When we hear the word corruption, we usually think of the publicly scandalized misconduct of large companies, sometimes also political parties and always the officials of world football who are obviously employed specifically for this purpose.
So we think about the behavior of others.
But, of course, corruption is also an everyday behavior in which many engage in such scandals.
Attempts to placate the policeman at the traffic checkpoint or the conductor in the allegedly overcrowded night train with illegal means are not uncommon.
There are now a large number of highly specialized sites on the Internet that only serve to report on such everyday experiences with attempted bribery.
Corruption researchers can also use these testimonies of the willingness to confess as a database for scientific investigations.
Compared to the interview method, they even offer important advantages.
Not only that they relieve you of your own survey work;
the anonymous informants are also not suspected of wanting to make themselves better than they actually are in front of the researcher.
And they tend to spread the successes and failures of their bribery attempts with so much additional information about the respective context that one can hope to isolate the factors critical to success through statistical analysis.
Stealth is not the main thing
One of those websites asks what a Las Vegas hotel guest can do to get an upgraded room without paying the usual premium.
A few years ago, two business economists evaluated almost 900 answers to this question, and the most important result says that it is better to only communicate indirectly about the intended deal.
Instead of saying as soon as you check in that you would be willing to pay the sum of twenty dollars for this purpose at any time, the so-called sandwich technique is recommended: the banknote is then hidden between the pages of a document, which is anyway on this occasion must be submitted and checked.
But why is this technique so popular?
The two business economists are betting on secrecy interests, which betray the guilty conscience of those involved.
And of course it would be embarrassing if one hotel guest loudly offered his bribe for the upgrade as such, while his neighbor at the reception desk was being asked to pay the official surcharge.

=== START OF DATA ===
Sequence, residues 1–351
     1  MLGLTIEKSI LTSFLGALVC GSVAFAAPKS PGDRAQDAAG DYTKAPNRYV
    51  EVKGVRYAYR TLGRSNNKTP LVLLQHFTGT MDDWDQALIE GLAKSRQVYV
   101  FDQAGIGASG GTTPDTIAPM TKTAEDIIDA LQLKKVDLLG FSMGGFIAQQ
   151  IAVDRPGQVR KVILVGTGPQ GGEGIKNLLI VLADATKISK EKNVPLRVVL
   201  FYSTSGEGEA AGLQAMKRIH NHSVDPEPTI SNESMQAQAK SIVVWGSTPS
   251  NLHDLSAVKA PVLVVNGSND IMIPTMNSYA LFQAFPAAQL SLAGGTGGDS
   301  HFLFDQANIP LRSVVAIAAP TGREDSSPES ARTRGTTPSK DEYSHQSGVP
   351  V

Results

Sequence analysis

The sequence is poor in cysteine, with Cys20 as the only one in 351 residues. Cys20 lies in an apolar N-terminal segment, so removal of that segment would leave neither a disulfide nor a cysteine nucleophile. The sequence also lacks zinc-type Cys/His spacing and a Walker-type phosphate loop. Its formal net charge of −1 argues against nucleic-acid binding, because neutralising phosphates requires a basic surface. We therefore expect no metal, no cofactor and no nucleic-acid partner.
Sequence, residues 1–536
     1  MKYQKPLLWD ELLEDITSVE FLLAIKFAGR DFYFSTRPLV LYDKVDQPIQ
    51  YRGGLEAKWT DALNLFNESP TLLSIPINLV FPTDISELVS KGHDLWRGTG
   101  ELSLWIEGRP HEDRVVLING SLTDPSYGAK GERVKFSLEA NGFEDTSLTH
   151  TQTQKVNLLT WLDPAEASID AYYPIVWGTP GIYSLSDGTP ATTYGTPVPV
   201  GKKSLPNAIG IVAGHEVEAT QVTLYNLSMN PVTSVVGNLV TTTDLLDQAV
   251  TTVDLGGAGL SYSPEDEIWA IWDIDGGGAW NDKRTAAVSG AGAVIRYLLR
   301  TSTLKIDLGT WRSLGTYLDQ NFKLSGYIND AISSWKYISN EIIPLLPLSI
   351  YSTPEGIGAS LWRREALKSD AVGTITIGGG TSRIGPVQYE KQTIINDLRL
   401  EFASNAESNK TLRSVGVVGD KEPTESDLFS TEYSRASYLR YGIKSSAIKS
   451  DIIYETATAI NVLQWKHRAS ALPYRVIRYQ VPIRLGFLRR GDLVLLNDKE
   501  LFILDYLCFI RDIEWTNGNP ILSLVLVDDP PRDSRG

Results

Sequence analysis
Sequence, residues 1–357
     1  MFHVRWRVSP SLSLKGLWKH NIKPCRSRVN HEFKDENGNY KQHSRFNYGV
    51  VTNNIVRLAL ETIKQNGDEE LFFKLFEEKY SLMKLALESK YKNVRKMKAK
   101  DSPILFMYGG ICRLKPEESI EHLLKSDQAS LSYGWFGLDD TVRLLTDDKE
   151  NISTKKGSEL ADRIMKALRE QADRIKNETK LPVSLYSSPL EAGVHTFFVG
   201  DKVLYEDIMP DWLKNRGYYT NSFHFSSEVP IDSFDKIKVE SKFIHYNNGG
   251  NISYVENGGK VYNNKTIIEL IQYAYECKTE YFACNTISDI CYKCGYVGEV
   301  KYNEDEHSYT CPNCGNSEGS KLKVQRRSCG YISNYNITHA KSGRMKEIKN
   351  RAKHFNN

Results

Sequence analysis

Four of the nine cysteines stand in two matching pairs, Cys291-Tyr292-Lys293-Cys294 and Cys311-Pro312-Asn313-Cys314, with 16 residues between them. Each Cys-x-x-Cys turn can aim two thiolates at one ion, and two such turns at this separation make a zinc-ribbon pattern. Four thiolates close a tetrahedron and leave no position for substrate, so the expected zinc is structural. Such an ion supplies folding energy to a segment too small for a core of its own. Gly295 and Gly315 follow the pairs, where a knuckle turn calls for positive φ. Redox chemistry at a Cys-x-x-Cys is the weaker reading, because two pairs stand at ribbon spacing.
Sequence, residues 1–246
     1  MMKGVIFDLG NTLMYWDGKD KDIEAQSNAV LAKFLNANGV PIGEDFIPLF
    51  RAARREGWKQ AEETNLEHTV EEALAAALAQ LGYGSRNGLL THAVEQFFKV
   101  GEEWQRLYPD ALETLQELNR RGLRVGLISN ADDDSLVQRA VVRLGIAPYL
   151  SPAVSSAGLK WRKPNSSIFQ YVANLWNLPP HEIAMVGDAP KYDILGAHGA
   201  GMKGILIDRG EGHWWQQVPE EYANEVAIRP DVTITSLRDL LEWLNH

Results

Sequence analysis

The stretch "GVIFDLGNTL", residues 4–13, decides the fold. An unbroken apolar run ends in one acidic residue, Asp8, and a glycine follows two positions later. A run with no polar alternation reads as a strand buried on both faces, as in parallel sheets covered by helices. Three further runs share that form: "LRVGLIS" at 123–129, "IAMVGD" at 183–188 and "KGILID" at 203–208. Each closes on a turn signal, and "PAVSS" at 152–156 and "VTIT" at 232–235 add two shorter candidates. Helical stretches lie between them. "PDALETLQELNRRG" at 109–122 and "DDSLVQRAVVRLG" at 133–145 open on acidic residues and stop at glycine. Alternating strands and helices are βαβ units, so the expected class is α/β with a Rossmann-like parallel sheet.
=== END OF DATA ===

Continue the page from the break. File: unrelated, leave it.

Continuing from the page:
But even the isolated police officer who stops a likewise isolated traffic offender in the middle of the night is sometimes offered the bribe in secret, and fear of bystanders would not be a possible motive here.
To assume that the hiding of the banknote was only intended to conceal the prohibited trade would have to imply the trading consensus of the parties involved, but in fact this is where the problem lies.
How do you know how the stranger in front of you will react to the attempted bribery?
Attempted bribes are daring communications because society favors those who decline the immoral offer.
Such a rejection is not only embarrassing for the rejected;
it can also make his situation noticeably worse.
For example, law-abiding police officers do not like it at all when they see themselves as being sold.
They could have learned from Erving Goffman, to whom the authors refer for their secrecy thesis, that it is precisely initiatives with a high degree of uncertainty of success that suggest resorting to indirect communication.
Indirect is a communication that one can deny having meant.
Those who communicate indirectly communicate irresponsibly, and it is precisely this irresponsibility that makes it easier for them to take risks, because if they reject the proposal they can deny having made it in the first place.
The sender of an indirect communication does not have to fear that the recipient will make legitimate accusations.
The sandwich technique offers exactly this advantage, because if the addressee wanted to get outraged, the sender could claim at any time that the banknotes got into the document unnoticed.
And accordingly, the addressee can act at any time as if he had not even noticed the attempted bribery.
This happens, for example, when the hotel employees return the banknote intended for them as if it had accidentally gotten among the papers from the sender.